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Camshaft recommendation for turbo 289

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  • Engine: Camshaft recommendation for turbo 289

    OK.
    Hoping the engine guru's will weight in here on this one.
    I'm looking for a camshaft recommendation for a mildly boosted 289. (5 to 8 psi NOW) more with forged pistons later.
    Not a drag car but a highway cruiser with some kick in the pants.
    Rear gear of 3:55
    5 speed manual gear box.
    Near stock full flow 1963- 289 with 8.50 to 1 comp ratio
    4bbl as of now possibly FI tech fuel injection later
    What grind?
    Who's grind?

  • #2
    This sounds like a good question for Ted Harbit - he was running dual turbos on the Chicken Hawk toward the end of its carrier. Good luck.

    Comment


    • #3
      Not much to choose from..! Unless you have someone build you a roller cam.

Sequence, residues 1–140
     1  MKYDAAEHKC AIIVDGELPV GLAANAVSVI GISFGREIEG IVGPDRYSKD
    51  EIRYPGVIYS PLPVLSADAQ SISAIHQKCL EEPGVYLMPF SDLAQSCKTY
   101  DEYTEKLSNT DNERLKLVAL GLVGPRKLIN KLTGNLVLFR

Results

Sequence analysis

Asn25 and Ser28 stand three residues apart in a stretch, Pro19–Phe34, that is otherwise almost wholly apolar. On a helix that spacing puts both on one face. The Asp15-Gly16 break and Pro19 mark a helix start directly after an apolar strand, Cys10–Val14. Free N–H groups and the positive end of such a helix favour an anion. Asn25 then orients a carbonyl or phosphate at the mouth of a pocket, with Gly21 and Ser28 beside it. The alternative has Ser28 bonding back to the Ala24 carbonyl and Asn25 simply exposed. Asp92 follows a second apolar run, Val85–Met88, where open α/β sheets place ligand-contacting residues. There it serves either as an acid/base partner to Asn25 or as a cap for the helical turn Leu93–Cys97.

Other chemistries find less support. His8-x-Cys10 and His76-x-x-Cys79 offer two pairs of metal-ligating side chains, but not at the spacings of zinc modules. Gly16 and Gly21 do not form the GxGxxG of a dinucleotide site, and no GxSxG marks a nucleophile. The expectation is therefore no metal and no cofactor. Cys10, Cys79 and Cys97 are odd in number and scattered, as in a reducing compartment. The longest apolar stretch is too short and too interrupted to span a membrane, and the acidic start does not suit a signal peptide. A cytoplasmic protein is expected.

So, the factory R2, or the aftermarket R2+ cams are your choices.
      No one is building flat tappet cams, so you are relegated to regrinds of OEM cores. And as you might imagine, you can't add material to make a cam bigger, without a ton of money spent.

      Both the R series cams can be had by a few of the Stude vendors.
      Ted Harbit does not sell parts any longer.
      Phil at "Fairborn Studebaker" bought all of Teds stock and has added his own various bits of stock. Good guy, he'll advise you on what he has or can get.

      Mike

      Comment


      • #4
        As Mike said.... The R2 or the R2+ reground cam is about your only choice on a flat tappet cam.